In early 2012, Sor Emilia was removed from her position as Superior of the religious at the Hogar by her own superiors at the Mother House in San Marcos. Seeing the handwriting on the wall, this group of sisters made their first contact with Msgr. de Galaretta on 12 May of 2012 in order to begin to explore their options as a community under the protection of the Society. Finally, on October 24 of 2012, those sisters drawn to the traditional practice of the faith, including Sor Emilia, were separated from each other and reassigned by the Mother House to other apostolates in the country as a means of quelling the Catholic “uprising”. On that same date they contacted the former Prior of the Society of St. Pius X in Guatemala City, Father Gardet, to apprise him of their situation.

    This detail is worth emphasizing. Having made a choice for Tradition, these particular nuns’ service at the Hogar was over, and not by their own choice. This is not a case of Franciscan religious abandoning their community in order to initiate a new community in a “traditional” venue. It is a case of these religious being expelled from their lives’ work and further separated from each other by being assigned to different and distant apostolates. Moreover, outside of the work at the Hogar, these religious’ apostolates consist largely in parish work, and now that they had come to the realization that things like Hell and Purgatory exist, that Our Lord indeed founded the One True Church, that receiving Communion in the hand is a questionable if not blasphemous practice, and a whole list of other simple truths not commonly conveyed within the novus ordo structure, they could not conscientiously deny any of these truths – something that would inevitably lead to conflict in any novus ordo parish to which they might be assigned. These nuns made the choice for authentic Catholicism and, having done so, their path was made clear, if not easy.

    This group of religious briefly reported to their new assignments, but by November had moved as a group onto the grounds of Our Lady of Fatima Priory in Guatemala City. On December 12 of that year they were clothed in the traditional Franciscan habit for women. The novices who had opted for Catholic Tradition left the Hogar in May of 2012 and by November had already reported to the priory in anticipation of the arrival of the professed religious. By January of the following year, new postulants were in place at the priory and their current number was complete. [Making five professed, and four novices and postulants, I think – Tantumblogo]

    So the nuns are now living in an SSPX priory in Guatemala City, the capital, and are seeking to somehow, by a miracle, raise sufficient funds to create a new Hogar for disabled children in the much more populous part of the country near the capital. This would also allow them access to priests who offer the Traditional Mass. The SSPX priory in Guatemala City is the only traditional parish in all of Central America, whether Ecclesia Dei/SSPX/religious or diocesan.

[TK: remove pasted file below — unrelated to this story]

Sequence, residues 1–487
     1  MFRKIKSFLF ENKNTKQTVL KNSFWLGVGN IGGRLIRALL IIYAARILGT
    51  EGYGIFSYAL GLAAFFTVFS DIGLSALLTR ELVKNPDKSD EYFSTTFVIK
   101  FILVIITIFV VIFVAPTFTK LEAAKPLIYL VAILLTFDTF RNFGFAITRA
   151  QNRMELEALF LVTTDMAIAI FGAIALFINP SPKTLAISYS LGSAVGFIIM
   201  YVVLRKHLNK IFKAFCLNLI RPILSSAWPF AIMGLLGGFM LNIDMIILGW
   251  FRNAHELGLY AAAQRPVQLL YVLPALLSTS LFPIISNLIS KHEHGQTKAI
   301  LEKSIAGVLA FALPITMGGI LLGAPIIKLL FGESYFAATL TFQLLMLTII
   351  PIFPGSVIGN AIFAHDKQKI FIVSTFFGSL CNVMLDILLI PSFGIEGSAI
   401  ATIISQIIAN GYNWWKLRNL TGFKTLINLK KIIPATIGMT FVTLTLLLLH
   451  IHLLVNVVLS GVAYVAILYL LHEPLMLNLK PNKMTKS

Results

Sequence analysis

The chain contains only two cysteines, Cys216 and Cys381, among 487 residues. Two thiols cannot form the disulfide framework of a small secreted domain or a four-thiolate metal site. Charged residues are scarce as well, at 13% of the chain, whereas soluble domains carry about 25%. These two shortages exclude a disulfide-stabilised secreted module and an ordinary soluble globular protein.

There are videos on the nun’s situation, experiences, and work below. The first discusses their process of transformation to the practice of more authentic Catholicism. The second shows the Hogar and the work that goes on there:

  2. Brilliant insight of one of the novices (Sor Clara at about the 42 min mark) about her journey to Tradition: “There was something one could feel or see, but as one is born in what are times of change one might know that things are not right, but since one has not known, they cannot distinguish it.” And just prior to this, Sor Brigida declared that she came to the new community first and foremost for the doctrine. May the good Lord bless these sisters and confirm them in their holy resolutions.

    • June Cleaver: Bob, Sister said, “as one is born in what are times of change one might know that things are not right.” Do you think things are not right?

      Bob Dylan: June, admit that the waters around you have grown. You better start swimmin’ or you’ll sink like a stone for the times they are a-changin’.

      June Cleaver: But that sounds less peaceful and more passive-agressive, Bob.

      Bob Dylan: There’s a battle outside and it is ragin’… the order is rapidly fadin’. And the first one now will later be last, for the times they are a-changin’.

      June Cleaver: Wally, I don’t want you listening to this Bob Dylan music.

      Beaver: Yeah.

      Wally: But mom, I really dig Dylan.

      Ward Cleaver: Where is it all going, Wally?

      Brian May: Hey Wally!
      Tie your mother down
      Tie your mother down
      Take your little brother swimmin’
      With a brick (that’s all right)

      Ooh, your Mammy and your Daddy gonna
      Plague me till I die
      They can’t understand it, I’m just a
      Peace lovin’ guy.

  3. LOL, Cyprian.

    While I stopped recommending “The Jewish Revolutionary Spirit” solely because of a recent and unfortunate anti-Trad remark by its author, the chapter on Bob Dylan is a real eye-opener.

    Dylan in the 60s was a Revolutionary Jew of the first magnitude and his biography includes all the grave psychological and moral characteristics of a rebellious, egomaniacal Revolutionary.